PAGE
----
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Album Review: Healthy Junkies – Delirious Dream

For a band who I have seen live as many times as the Healthy Junkies, I can honestly say I’ve never seen them do a bad gig. Irrespective of the venue or audience size they are an exceptional live act. They’re a hugely hardworking outfit, gigging incessantly and have built their reputation from the ground up. The music they make is an amped up amalgam of raucous punk, rock and roll and vociferous glam, spliced with some goth and New Wave influences in their more subdued moments.

Delirious Dream is their fourth album and it feels as if the band have approached it with a slightly different method to previous efforts. The fizzing energy of earlier releases is still bubbling away in the background but there is a decidedly more polished air to these songs.

No doubt a large part of this is down to the people involved in the recording, mixing and production of the album, who have impeccable credentials, Brian O’Shaughnessy and Pete Maher. The former previously recorded My Bloody Valentine in the same studio as Delirious Dream and there is a tangible sonic imprint of that act’s use of feedback oriented guitar. There is also a touch of the almost dissociated vocal part that slides amongst the surrounding buzz and hiss of some of the songs.

However, as a whole, this 15 track composition is also demonstrative of a band confident in their sound, who have honed their ideas into a cohesive and well-formed article. As you might expect from an album titled Delirious Dream, the songs are shot through with plenty of oneiric ambiguity. This is true in terms of the subject matter which explores altered states, the uncertainty and fluidity of identity and the dreams that inform the impetus to pursue making music and a lifestyle of creative authenticity. This notion is also borne out in the sonic makeup of the songs, with unexpected embellishments and subtle instrumental additions adding colour to the album as a whole. Whether that be the gossamery piano that peppers the songs or the more heavily distorted sonics on tracks like Some Kind of Girl or Part 2.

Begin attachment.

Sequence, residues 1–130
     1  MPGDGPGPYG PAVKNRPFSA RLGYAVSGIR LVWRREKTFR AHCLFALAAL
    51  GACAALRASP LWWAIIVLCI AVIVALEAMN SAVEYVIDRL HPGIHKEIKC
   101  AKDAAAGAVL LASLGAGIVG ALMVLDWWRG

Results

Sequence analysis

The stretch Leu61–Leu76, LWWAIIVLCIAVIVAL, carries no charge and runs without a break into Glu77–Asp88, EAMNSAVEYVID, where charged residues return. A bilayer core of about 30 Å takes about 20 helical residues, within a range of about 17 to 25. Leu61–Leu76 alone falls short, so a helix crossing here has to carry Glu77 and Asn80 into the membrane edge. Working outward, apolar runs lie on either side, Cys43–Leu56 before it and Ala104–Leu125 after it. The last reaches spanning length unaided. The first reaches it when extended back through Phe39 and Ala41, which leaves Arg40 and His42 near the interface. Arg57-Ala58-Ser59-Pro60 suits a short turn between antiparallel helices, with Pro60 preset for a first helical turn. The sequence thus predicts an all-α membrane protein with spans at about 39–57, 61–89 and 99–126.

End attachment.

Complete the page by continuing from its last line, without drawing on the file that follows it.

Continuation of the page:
From the opening piano bars of “All is Said in Done” it is clear that there is a gloss to this record. As an opener, it introduces tropes that are subsequently recognisable across the album. The song is led by an impellent riff, which when laid out over keys and coupled with Nina’s distinctive Gallic enunciation generates a sense of haunting distance. The track is relatively mellow, though it does build up into an echoic finish before trailing out on a piano trill.

Things are a little heavier on the second track “This is not a Suicide” which is always a belter when played live. It bears all the hallmarks of what the Healthy Junkies do well when they really let rip. A killer riff is accompanied by hard-hitting drums and a purposeful sense of urgency in the delivery. The vocals are similarly insistent whilst the lyrics are somewhat ambiguous. The repeated central phrase of ‘This is not a Suicide’ begs the question of what is being referred to. Amongst the swirling guitar and tightly executed interludes, it’s not entirely clear, though a sense of fractious anxiety is palpable. What is certain is that it’s a barnstormer of a song.

One of the interesting traits of this album is its propensity towards allowing a slightly poppier aesthetic to emerge at certain points. Such is the case On the next couple of tracks “Juliet’s Call” and “Johnny Demented”. Granted both veer towards the darker more goth influenced side of pop but there is an undercurrent detectable.

For “Juliet’s Call”, this is most true of the vocal part which is delivered in an almost delicate register in the sparser sections of the track. Johnny Demented manages to inject this quality in the verse section with a grunge-tinged pop sound, akin to the Pixies in their lighter moments. The song also makes use of a favourite technique of that band with the quiet-loud dynamic utilised to great effect. The relatively relaxed air of the first section half of the song gives way to the build-up of relentless drums and a much sharper invocation of the lyrics to ‘never stop being demented’.